The person skilled in the art will understand that an algorithm running on Server 100 may use multiple arrays of data coming from readings of sensors of UE that are associated with the scanning of a QR code. As long as at least a certain number of conditions are met, Controller 141 may allow an authentication or an ownership transaction. In certain implementations, an algorithm running on Server 100 in charge of selectively enabling functionalities associated with, e.g., QR codes such as ownership transactions, certifications or other functions, may employ weights so that certain conditions may be more stringent or important than others. For example, if a score generated by compounding the meeting of a plurality of conditions is above a predetermined threshold, an operation of authentication, sale, or function enablement associated with an object or certificate could be successful. For example, in certain implementations, the meeting of a location condition could be condition necessary for an authentication. In another implementation, an authentication may require more than the meeting of a location condition. For example, it may be necessary that a particular orientation of a UE during the scanning of the QR be recorded, sent to Server 100 and compared to an orientation of record. If multiple ambiance measurements are collected and sent to Server 100, a score can be generated and compared with a score of record to assess how well those multiple measurements match conditions of record. If all or part of “other conditions” has been satisfied, a notification is sent that operation has been successful (217), and an operation associated with said conditions is executed. (218).

In some implementations, the block “other conditions” 219 may not exist. In an exemplary implementation, 1) if a Unique Code is received correctly from UE 150 and, 2) a time condition is satisfied, and 3) a location condition is satisfied, then a notification is sent from Server 100 to either UE 150 and/or UE 151 that the operation of authentication of Certificate 130 has been successful (217). The person skilled in the art will understand that similar procedures can be used to either transfer ownership of Certificate 131 and/or Object 132 or authenticate Certificate 131 and/or Object 132.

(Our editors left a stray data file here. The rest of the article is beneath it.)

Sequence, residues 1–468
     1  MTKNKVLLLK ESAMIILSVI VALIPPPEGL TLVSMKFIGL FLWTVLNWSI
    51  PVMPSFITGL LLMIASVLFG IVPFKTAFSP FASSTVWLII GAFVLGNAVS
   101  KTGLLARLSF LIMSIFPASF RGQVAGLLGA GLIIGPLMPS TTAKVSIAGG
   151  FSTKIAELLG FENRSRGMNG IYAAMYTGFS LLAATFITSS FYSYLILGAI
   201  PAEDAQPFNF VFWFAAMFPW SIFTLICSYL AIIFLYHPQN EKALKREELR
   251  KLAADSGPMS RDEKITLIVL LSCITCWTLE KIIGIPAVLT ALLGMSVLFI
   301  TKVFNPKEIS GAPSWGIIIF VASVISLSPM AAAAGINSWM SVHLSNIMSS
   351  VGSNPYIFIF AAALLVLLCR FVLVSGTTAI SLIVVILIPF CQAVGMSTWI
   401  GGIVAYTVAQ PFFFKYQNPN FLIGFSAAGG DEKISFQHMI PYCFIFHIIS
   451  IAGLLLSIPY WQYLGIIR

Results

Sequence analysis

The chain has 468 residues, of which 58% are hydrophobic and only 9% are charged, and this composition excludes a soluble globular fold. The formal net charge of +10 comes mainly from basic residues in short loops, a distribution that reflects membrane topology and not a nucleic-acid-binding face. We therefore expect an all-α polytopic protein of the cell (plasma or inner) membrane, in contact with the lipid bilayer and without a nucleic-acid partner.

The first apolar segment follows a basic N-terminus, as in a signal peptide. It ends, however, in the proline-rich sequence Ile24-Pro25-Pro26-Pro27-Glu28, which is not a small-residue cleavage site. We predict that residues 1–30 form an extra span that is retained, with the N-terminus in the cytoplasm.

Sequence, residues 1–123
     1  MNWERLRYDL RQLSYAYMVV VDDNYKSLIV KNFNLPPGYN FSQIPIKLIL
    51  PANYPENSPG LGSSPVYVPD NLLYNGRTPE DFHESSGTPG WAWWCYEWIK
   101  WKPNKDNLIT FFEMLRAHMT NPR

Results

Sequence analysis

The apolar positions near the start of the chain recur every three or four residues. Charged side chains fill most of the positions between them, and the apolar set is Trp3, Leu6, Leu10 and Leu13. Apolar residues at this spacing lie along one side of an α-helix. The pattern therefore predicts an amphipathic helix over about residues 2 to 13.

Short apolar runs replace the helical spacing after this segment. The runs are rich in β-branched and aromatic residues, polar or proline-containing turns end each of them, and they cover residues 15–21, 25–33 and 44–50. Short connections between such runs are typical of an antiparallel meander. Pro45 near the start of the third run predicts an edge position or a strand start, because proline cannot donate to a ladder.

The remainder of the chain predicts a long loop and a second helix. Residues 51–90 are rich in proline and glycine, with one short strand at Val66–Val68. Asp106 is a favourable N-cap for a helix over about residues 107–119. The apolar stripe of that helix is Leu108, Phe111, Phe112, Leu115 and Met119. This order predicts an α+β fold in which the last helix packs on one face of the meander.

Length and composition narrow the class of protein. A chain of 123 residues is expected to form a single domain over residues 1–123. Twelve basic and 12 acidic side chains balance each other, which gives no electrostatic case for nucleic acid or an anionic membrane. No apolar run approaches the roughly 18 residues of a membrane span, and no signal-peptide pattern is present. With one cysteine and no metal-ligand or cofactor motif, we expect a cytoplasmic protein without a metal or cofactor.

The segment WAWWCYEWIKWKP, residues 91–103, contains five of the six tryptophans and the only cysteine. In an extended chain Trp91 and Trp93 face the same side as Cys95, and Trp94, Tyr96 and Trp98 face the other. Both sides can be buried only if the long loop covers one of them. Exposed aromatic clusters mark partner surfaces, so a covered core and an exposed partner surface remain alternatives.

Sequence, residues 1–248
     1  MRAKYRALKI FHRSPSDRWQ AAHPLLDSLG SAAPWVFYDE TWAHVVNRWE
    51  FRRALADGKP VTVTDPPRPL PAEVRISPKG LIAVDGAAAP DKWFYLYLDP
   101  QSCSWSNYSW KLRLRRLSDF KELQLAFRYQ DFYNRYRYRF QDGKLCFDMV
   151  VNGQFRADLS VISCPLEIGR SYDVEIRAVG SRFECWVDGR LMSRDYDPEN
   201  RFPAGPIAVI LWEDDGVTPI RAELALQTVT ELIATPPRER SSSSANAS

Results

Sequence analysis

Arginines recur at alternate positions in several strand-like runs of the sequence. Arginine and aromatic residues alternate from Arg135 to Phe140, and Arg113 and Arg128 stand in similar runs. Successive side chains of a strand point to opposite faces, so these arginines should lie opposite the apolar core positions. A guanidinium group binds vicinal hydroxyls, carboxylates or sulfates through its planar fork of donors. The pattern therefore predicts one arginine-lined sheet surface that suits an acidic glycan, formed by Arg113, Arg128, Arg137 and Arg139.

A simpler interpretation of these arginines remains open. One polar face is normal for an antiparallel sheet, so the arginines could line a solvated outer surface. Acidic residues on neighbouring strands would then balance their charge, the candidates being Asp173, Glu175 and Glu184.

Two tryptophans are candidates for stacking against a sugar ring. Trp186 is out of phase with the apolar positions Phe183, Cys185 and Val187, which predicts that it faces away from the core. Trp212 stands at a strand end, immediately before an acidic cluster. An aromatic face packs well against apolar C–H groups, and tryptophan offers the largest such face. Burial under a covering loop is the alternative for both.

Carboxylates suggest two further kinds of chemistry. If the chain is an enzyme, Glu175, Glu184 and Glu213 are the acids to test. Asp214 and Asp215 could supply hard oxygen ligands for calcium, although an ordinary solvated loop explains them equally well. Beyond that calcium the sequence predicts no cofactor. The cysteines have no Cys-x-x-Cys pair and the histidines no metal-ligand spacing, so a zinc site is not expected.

In another implementation if one of the “other conditions” is not satisfied, a notification that “other conditions” (as an aggregate score or in particular) has not been satisfied can be generated and sent to a UE; 221.

The person skilled in the art will understand that not all the blocks are necessary. For example, some of blocks 208, 211, 212, 220, 219 could be missing in certain implementations.

FIG. 3 is a simplified representation of a particular embodiment wherein a QR code, for example QR 133 associated with Object 132, is encrypted with a public key PuK1. In one implementation, a mobile application running on UE 151 may send to Server 100, via Link 144, said optical scanning simultaneously with a value location L1 representing where UE 151 has scanned said QR 133. In one implementation, Controller 141 may look over a datagram in Memory 142 containing associations of locations with private keys. For example, if location L1 is contained in said datagram in Memory 142, private key PrK1, that is associated with said location L1 and is also associated with PuK1, can be used to decrypt the scanned image of QR 133. In some implementations, QR 133 may contain, at least partially, a short URL that has been encrypted using PuK1.

In some implementations, the short URL may be dynamic. The person skilled in the art knows that there are two types of URLs: dynamic and static. A dynamic URL is a page address that results from the search of a database-driven web site or the URL of a web site that runs a script. In contrast to static URLs, in which the contents of the web page stay the same unless the changes are hard-coded into the HTML, dynamic URLs are generated from specific queries to a site's database. The dynamic page is often a template in which to display the results of the database query. Instead of changing data in the HTML code, the data is changed in the database.